According to Greek legend, the Kallikantzaroi (a race of evil goblins) are said to lurk underground the whole year through. During the 12 Days of Christmas, however, they supposedly surface to wreak havoc upon the local residents.
MORAL OF THE STORY: Don’t knock our partridge in a pear tree.
TAKE INSPIRATION: I absolutely love books, and there’s loads of traditional festive-themed fairy tales that make for a really magical read with your children over the Christmas holidays. Some of my favourites include The Elves and The Shoemaker by the Brothers Grimm, The Last Dream Of The Oak Tree and The Snow Queen (the original inspiration for Frozen, FYI) by Hans Christian Anderson, and The Nutcracker and the Mouse King by E.T.A. Hoffman.
The Cuban city of Remedios plays host to the Parrandas festival every December. During this celebration, the city divides into two halves: each building a themed sculpture from light bulbs in preparation for Christmas Eve.
MORAL OF THE STORY: Be bright, bold and beautiful! When it comes to Christmas, you can never have too many decorations.
TAKE INSPIRATION: There’s loads of really great decorations to be found out there, but the Christmas Lights at John Lewis have really captured my attention this year. Smart and stylish, yet with a hint of rustic charm, many of the pieces in their collection are sure to make a wonderful addition to any style of home. And, as part of your overall decoration, why not try out some of our own seasonal wall stickers too? From Christmas trees to reindeer, snowflakes to sleigh-bells, we’ll be sure to have something that will add even more charm and creativity to your festive décor.
During a traditional Slovakian Christmas dinner, the most senior male member of the family takes a spoonful of loksa pudding and throws it at the ceiling. Apparently, the more that sticks the better.
MORAL OF THE STORY: Mess is good.
TAKE INSPIRATION: Get messy this Christmas and try a whole range of seasonal crafts, handmade gifts and D.I.Y. decorations to get you and your family into the festive spirit. This isn’t just a fun, family-friendly way to spend time together: it can also help you save money too! Check out The Ultimate Christmas Guide on the Silver Groves website for some amazing arts, crafts and baking ideas that will get yours and your family’s creative juices flowing this holiday season.
Modern-day Americans have created a boozy Christmas tradition called ‘The Running Of The Santas’, which they now market as ‘the world’s naughtiest bar crawl’. Each event sees scores of people all across the United States dressed as Santa running from bar to bar in a bid to consume as much alcohol as possible. Trust the Yanks.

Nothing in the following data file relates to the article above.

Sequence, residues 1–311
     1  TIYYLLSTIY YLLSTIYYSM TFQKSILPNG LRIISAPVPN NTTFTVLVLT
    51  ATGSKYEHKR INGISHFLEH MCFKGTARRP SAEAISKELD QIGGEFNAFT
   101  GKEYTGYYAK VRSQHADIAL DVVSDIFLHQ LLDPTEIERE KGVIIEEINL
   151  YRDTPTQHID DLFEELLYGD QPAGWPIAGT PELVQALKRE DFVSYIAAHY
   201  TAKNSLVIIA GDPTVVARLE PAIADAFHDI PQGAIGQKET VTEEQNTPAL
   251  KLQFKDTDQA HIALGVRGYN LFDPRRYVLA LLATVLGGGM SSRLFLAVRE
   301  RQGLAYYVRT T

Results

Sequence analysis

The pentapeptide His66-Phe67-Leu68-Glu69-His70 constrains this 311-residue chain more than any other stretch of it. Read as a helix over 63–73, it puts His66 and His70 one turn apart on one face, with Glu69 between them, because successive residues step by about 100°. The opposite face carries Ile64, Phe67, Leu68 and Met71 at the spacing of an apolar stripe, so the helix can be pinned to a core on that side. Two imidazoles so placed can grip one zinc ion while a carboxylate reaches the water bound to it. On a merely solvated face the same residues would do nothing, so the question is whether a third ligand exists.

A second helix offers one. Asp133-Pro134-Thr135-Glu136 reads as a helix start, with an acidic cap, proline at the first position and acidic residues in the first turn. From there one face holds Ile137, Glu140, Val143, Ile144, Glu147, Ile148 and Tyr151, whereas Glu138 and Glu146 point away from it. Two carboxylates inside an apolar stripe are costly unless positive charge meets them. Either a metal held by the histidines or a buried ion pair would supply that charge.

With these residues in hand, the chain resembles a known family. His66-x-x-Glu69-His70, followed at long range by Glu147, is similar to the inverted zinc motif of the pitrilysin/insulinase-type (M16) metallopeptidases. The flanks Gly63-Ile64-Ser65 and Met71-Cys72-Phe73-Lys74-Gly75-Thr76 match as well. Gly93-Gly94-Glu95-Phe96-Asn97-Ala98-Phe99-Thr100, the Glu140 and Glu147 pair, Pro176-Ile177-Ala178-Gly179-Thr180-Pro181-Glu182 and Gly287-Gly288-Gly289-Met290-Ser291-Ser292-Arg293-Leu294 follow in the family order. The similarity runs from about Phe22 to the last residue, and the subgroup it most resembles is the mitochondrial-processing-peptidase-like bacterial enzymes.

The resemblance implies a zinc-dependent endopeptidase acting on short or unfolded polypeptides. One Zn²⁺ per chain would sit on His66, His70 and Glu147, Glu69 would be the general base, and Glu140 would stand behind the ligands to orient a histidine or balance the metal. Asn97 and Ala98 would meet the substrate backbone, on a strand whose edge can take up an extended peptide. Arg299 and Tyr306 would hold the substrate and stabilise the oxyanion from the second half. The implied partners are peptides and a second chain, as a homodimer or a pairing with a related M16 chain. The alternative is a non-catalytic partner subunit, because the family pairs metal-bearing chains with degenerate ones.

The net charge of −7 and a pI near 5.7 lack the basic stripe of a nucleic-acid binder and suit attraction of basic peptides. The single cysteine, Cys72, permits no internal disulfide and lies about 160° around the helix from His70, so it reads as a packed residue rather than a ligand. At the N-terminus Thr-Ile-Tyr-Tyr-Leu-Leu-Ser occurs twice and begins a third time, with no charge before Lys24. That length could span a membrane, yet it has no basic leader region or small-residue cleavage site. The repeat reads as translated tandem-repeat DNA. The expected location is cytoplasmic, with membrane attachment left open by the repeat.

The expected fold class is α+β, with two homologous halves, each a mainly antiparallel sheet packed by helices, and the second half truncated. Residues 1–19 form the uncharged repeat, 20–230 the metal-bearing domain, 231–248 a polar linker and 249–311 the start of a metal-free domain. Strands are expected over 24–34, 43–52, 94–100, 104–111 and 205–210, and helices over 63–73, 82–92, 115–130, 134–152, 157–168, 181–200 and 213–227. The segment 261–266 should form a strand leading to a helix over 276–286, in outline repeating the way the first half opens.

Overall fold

MORAL OF THE STORY: Drunkenness is to be celebrated during the festive period.
TAKE INSPIRATION: Spice up the punch at your office party or put a little sparkle into the eyes of your dinner guests with some really great, innovative Christmas-themed cocktails this holiday season. My Top 5 Must-Have Christmas Beverages for any festive party are undoubtedly: Mulled Wine, Eggnog, Chocolate Orange Cocktail, Mince Pie Martini and the original Christmas Snowball.
Many Estonian families use the two-day sacred holiday of Christmas Eve and Christmas Night for the exclusive purpose of fortune-telling and receiving the spirits of their ancestors. As part of this, many families will traditionally head for the sauna together to cleanse their bodies and minds to help them become more receptive to their spiritual surroundings. This activity is also repeated on New Year's Eve.
MORAL OF THE STORY: Remember to kick back and relax this Christmas. As always, pampering should really take precedence.
TAKE INSPIRATION: Christmas can be quite a stressful time for most of us – what with frantically trying to remember everyone’s presents, battling through the crowds of Christmas shoppers on a day-to-day basis, and having a number of different seasonal parties and gatherings to attend. A spa trip is a great way to chill out, helping you to make the most of the upcoming festivities. It can also make a great gift for someone to enjoy in January as part of a post-Christmas detox. If you want the experience without splashing the cash, why not try out this homemade Spa in a Jar idea from Netmums?
Have you found a Christmas tradition out there that's even stranger than the 10 I’ve listed here? Are any of these celebrations going to make it into your festivities this year?! Share your thoughts with the group and let us know in the comments section below! Thank you so much for reading and, most importantly, Merry Christmas!